Knowing these answers can result in more streamlined and effective treatment. For example, a patient’s daughter may call and say, “Mom’s having some of the same symptoms she had previously when she was admitted to the hospital. But I think it’s too early to go to the ER. Can I bring her to the clinic?” We may be able to prevent an unnecessary hospital admission.  

    4. Assist with treatment, recovery and prevention efforts

    Your parent’s doctor likely will send them home with a treatment and prevention plan. But there are all kinds of ways that a plan can be derailed. You can plan an important role in keeping their health plan on track.  

    • Track doctor appointments: Add your parent’s doctors’ appointments – or reminders to schedule appointments – to your personal calendar. This way you can help them remember and ensure they have transportation. If your parent agrees, join them at appointments as a second set of eyes and ears.  
    • Manage medications: Medication adherence is crucial in preventing secondary events. Your parent may get frustrated or confused if they are taking multiple medications. Make sure you understand the drug’s purpose, how and when to take it, the potential side effects, and when it needs to be refilled. And, don’t be afraid to ask if any medications can be safely stopped.  This can help in several ways including helping control the number of pills your family member takes, and ensuring that each pill provides a meaningful health benefit. Find more tips to improve medication management.
    • Monitor blood pressure: Blood pressure is a vital measurement we use to assess heart health. But sometimes, the readings may not be accurate during a doctor’s visit. The stress of being in a doctor’s office can cause blood pressure to rise, a condition we call “white-coat hypertension.” The doctor may recommend regular blood pressure monitoring at home. Learn how to monitor your blood pressure at home.
    • Support lifestyle changes: Your parent may be asked to make significant changes in diet and exercise. Offer to help with grocery shopping or cooking. When possible, join them in diet changes or physical activity. The American Heart Association says people are 76 percent more likely to follow a walking program if someone is counting on them to show up.  

    5. Organize health-related records such as insurance, advance directives

    Navigating health insurance plans can be confusing for anyone. But it may be especially difficult for your 85-year-old mother or father. Look at their plan and know what benefits are included. This can become useful, for example, to ensure they don’t defer care they should be getting.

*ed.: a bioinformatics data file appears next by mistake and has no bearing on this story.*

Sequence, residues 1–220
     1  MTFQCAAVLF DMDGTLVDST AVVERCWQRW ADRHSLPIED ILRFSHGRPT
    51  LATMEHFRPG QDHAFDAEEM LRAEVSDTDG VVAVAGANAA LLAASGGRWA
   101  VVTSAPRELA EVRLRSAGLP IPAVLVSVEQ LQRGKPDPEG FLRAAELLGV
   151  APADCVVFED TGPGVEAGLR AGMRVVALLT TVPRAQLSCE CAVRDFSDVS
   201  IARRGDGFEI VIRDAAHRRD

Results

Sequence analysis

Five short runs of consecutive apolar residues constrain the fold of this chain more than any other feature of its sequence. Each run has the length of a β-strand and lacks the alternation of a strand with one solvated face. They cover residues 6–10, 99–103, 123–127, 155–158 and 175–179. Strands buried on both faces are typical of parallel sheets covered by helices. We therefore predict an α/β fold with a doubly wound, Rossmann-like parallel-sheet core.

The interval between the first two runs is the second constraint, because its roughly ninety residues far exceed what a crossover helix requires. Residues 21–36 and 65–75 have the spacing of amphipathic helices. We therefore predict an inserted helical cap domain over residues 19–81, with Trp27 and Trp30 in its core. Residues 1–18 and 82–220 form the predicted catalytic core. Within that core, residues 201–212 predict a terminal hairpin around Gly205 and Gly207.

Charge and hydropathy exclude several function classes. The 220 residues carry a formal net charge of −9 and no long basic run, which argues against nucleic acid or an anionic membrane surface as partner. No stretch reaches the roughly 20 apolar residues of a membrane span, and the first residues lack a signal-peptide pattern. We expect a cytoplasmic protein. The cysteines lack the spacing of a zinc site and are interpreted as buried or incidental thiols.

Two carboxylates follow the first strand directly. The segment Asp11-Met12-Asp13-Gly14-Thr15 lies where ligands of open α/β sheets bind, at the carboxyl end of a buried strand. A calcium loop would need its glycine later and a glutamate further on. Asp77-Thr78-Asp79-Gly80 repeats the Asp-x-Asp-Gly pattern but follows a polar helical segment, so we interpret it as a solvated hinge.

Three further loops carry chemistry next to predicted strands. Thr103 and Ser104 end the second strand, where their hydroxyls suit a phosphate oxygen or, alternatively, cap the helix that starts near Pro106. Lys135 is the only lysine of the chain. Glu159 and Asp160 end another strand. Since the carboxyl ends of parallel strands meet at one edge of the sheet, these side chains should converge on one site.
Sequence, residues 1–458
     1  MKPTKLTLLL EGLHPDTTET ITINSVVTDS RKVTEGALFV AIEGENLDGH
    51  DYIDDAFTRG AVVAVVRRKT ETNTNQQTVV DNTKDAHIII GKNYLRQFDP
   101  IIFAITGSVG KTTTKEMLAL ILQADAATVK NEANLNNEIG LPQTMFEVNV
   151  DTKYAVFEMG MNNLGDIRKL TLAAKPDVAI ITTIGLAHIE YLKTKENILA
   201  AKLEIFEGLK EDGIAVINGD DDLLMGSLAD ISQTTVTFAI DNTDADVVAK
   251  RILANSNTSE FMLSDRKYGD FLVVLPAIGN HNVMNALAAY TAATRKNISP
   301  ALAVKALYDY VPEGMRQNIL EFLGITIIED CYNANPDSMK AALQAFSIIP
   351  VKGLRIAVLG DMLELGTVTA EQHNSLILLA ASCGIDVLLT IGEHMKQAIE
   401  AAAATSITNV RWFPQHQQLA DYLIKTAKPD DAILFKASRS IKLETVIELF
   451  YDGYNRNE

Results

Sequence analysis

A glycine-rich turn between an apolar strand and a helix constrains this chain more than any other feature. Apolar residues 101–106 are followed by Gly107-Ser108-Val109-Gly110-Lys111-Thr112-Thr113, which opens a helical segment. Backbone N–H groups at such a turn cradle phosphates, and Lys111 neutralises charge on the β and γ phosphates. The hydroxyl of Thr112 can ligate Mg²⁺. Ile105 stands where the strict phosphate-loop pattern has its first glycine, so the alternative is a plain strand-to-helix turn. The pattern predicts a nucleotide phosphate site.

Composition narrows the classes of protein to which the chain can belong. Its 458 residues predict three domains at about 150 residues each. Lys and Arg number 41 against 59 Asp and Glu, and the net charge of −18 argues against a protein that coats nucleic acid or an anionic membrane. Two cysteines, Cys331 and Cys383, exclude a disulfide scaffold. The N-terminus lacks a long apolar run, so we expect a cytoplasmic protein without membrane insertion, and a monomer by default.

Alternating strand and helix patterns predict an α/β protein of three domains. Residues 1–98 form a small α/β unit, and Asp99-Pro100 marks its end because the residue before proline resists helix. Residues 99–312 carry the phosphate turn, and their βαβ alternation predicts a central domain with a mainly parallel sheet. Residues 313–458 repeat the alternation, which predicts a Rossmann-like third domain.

Discuss your parent’s preferences regarding end-of-life-care. Who would they like to make medical decisions for them should they be unable, and which treatments would they want and not want? Although these conversations can be painful, they’re important decisions that will help ease the burden on the family should your parent’s condition worsen. Prepare an advance directive and make their wishes known to close family. 

    End-of-life planning discussions can be painful, but the decisions made can help ease the burden on family later. via @MedStarWHC

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    What if you don’t live near your parent?

    There are all sorts of creative ways to communicate and keep tabs on someone in our tech-enabled world. Many jokes are made about older generations not being able to use technology, but I’ve found my elderly patients remarkably adaptable when it comes to learning how to use some of these devices, especially if it allows them to see and talk with their children and grandchildren.

    Make use of apps such as FaceTime, WhatsApp or Skype to not only talk with your parent, but also to physically check for symptoms. You could set up a standing time to talk each day to make sure they have taken their medication or completed their physical therapy.

    Wearable healthcare monitoring devices, which are constantly evolving and growing in use, may allow you to remotely track your parent’s blood pressure, pulse and heart rhythm. I’ve even seen one that alerts you to someone’s body position, so if it’s noon and Mom is lying down, you can check on her. One note of caution about these devices and apps: Check out the privacy policy and be sure your parent is willing to share their healthcare information with the company.

    You also could use video monitoring for some details. This may sound spooky, but it could be as simple as mounting a camera over the pill organizer to ensure that your parent is taking their medication every day.

    Finally, don’t forget to look after yourself as well. Surround yourself with a support system that can give you a break from caring for a parent when you need it and to help you manage the emotions you may face from day to day. Also, heart disease can run in families, so talk to your doctor about your own heart risks and what you can do to prevent future problems.

    Request an appointment to discuss your heart health or to learn more about a parent’s heart condition and treatment.

    Request an Appointment

  • August 28, 2017

    By Edward Woo, MD

     The trend in surgery today is to use the least-invasive procedures possible. The reasoning is simple: It’s usually better for patients to return home and get back to their normal lives faster than for them to spend long periods recovering in the hospital.  

    In the field of vascular surgery, which deals with conditions of the blood vessels, we refer to minimally invasive surgery as endovascular surgery. Endovascular surgery involves small punctures, usually in the groin area, as opposed to the large incisions on the abdomen or chest that open surgery for blood vessels requires.